Miracle at the Freight House back for 2nd holiday season, now in new location

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Miracle at the Freight House co-owners Lars Rehnberg (left) and Ethan Bailey with Tara Elkins, co-owner of The Diner, Davenport (photo by Jonathan Turner).

Everyone could use a miracle right about now — and for those of legal age, a really good drink.

The Miracle at the Freight House, 421 W. River Drive, Davenport, fortunately offers both. In its second holiday season, the Christmas-themed cocktail bar is now upstairs at The Diner. Part of a national franchise (with 100 locations in five countries), Miracle is a Christmas-themed pop-up cocktail bar that serves holiday cocktails in a festive setting.

With kitschy holiday décor, professionally-developed cocktails and the nostalgic energy of the best office party you’ve ever been to, Miracle is sure to get even the grouchiest grinch in the holiday spirit, according to miraclepopup.com.

“So far, so good with Miracle,” Davenport co-owner Lars Rehnberg said recently, noting they opened on Black Friday, Nov. 26. “The feedback has been fantastic. There’s not a bad drink on the menu.”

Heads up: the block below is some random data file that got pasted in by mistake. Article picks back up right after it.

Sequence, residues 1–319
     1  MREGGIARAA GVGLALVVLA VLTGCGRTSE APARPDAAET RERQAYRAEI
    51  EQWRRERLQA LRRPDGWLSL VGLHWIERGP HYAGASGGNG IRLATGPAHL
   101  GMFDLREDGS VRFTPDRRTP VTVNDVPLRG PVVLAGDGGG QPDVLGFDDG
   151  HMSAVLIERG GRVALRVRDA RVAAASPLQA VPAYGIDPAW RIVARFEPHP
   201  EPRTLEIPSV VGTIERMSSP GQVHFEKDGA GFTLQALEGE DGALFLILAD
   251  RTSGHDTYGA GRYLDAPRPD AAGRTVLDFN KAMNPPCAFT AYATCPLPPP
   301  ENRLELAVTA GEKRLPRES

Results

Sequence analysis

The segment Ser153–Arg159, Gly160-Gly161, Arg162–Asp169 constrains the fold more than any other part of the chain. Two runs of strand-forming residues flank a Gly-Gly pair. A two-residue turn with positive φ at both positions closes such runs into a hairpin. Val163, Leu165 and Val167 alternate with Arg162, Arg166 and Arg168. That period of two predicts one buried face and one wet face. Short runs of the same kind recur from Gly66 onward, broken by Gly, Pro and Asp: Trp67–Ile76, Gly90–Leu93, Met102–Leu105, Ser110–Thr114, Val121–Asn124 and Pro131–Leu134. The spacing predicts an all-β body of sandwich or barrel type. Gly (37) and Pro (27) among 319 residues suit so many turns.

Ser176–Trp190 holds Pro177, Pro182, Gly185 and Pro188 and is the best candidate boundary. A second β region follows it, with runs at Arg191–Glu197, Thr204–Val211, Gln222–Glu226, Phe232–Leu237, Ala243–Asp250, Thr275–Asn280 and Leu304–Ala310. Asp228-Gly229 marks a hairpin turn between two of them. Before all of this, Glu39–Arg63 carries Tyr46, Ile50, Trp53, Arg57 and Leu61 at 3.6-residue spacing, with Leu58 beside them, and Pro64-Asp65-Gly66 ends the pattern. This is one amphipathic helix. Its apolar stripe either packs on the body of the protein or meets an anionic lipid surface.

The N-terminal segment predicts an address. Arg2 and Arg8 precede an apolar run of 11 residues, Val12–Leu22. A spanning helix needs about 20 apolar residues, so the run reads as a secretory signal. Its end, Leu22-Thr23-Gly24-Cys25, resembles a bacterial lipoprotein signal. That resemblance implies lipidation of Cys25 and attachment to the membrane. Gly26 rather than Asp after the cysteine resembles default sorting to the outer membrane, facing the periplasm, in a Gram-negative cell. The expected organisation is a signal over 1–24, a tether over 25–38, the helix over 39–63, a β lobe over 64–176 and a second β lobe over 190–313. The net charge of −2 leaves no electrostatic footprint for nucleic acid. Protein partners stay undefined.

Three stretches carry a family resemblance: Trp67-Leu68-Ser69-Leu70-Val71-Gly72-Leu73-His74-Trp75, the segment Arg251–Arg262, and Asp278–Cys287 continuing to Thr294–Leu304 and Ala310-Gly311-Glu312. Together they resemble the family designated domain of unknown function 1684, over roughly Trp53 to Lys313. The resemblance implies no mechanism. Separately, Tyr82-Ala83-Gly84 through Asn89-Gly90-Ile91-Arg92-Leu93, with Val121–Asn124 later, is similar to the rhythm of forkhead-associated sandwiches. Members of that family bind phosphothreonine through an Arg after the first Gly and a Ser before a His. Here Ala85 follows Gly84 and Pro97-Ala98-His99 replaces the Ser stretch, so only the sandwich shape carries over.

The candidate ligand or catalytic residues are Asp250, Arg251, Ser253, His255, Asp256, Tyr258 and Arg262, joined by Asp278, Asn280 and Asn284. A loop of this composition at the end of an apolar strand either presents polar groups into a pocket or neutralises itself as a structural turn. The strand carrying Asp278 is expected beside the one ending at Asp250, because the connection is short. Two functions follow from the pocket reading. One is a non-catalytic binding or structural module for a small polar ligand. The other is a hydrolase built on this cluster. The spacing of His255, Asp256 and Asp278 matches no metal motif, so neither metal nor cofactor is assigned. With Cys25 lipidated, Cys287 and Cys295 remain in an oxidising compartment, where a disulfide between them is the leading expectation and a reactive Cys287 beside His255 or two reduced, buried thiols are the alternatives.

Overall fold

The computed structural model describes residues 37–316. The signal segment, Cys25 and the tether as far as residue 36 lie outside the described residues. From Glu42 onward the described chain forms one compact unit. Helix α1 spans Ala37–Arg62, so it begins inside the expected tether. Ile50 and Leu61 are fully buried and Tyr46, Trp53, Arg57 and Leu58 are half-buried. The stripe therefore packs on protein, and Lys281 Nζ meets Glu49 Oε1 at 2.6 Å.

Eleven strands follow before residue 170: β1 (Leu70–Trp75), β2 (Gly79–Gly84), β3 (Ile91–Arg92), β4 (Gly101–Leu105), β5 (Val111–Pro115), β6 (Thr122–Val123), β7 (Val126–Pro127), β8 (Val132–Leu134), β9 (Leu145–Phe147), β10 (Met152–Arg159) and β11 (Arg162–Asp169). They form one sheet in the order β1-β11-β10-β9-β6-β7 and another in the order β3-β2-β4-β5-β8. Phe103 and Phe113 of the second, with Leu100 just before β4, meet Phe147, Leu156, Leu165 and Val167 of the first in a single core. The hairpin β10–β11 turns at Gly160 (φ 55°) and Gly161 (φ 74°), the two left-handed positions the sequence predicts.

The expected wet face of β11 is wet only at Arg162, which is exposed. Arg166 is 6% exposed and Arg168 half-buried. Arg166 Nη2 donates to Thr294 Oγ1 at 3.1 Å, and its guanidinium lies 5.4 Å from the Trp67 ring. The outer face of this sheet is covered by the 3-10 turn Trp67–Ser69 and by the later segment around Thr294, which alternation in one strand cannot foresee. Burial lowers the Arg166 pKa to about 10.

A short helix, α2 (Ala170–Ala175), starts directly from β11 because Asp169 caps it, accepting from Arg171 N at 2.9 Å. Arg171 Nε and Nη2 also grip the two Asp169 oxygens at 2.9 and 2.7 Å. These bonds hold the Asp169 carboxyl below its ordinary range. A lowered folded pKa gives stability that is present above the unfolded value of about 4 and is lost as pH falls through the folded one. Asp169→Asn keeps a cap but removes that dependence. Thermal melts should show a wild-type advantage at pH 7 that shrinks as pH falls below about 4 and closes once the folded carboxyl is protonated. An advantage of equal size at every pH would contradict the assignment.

A variety of colorful holiday-themed drinks available at Miracle at the Freight House.

The concept was born in 2014 when upon the advice of his mother, New York City-based owner Greg Boehm decided to halt construction of what was to be his new East Village cocktail bar called Mace and transformed the unfinished space into a pop-up bar serving holiday-themed drinks among over-the-top Christmas decorations.

As crowds swarmed the NYC location, Boehm’s friends throughout the bar industry asked how they could recreate the holiday magic on their own turf and expansion became inevitable. The following year, Miracle expanded to four locations and in 2016, it went worldwide with pop-ups in Greece, Montreal and Paris. Today, there are Miracle holiday bars in 33 states, Washington, D.C., Canada, England, the Netherlands and Panama (there is one in Des Moines, but no Miracle locations in Illinois).

The Miracle at the Freight House on Friday night, Dec. 3, 2021.

Ethan Bailey, president of the local Miracle, is a native of Fairfield, Iowa, and director of sales for Boehm’s Cocktail Kingdom — which makes barware, glassware, and related tools, and owns restaurants and bars in New York. Bailey moved from Boulder, Colo., and bought an 1879 house in west Davenport in 2016.

“I’d been working at home forever, so the pandemic was not a big deal,” he said. “It’s great, because I enjoy the products, and I have a background in bartending. Watching Greg build the Miracle franchise over the last eight, nine years – he’s been on me since the beginning. ‘You gotta do one of these.’ When I moved to Davenport, I thought this was a great time to do Miracle.”

Bailey planned to start the local franchise before the pandemic, and when they committed to open by August 2020, it looked like COVID was on the decline.